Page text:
Last Saturday, in a dimly lit ballroom on the Las Vegas strip, Newt Gingrich stood before a row of television cameras, exhausted and showing it.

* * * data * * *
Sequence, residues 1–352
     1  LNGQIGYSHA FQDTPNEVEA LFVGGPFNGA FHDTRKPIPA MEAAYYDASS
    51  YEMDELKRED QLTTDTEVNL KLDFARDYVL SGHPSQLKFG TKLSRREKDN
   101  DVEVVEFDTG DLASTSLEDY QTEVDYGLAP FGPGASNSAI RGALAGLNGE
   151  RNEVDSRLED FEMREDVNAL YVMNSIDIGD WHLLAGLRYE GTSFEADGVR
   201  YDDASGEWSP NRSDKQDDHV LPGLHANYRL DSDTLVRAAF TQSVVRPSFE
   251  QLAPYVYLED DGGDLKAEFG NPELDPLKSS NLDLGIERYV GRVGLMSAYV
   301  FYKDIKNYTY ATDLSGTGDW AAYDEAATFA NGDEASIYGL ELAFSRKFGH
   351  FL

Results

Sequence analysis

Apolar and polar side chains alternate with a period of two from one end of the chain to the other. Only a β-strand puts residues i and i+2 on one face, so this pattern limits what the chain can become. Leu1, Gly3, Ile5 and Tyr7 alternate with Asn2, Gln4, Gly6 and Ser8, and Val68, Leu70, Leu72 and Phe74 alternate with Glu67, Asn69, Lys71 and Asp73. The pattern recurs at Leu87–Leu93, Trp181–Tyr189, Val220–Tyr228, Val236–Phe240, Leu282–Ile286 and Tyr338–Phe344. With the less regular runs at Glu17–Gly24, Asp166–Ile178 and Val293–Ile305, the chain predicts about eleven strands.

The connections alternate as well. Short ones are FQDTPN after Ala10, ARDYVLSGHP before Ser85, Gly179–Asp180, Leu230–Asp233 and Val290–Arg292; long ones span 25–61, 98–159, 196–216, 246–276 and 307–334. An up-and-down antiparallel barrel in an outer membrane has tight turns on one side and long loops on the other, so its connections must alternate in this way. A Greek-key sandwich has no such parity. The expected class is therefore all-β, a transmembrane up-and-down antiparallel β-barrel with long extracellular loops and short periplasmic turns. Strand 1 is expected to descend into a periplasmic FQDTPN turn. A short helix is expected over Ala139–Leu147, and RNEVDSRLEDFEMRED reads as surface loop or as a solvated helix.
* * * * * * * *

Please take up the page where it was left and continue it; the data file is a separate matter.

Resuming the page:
Hours earlier, Gingrich had lost the Nevada caucuses to Mitt Romney by nearly 30 points. His poor showing was the culmination of a long and disappointing week, coming four days after Romney swept Florida’s primary. Gingrich, who had won South Carolina’s primary in late January, was suddenly deflated, sparring with skeptical Beltway reporters about whether his campaign could survive.
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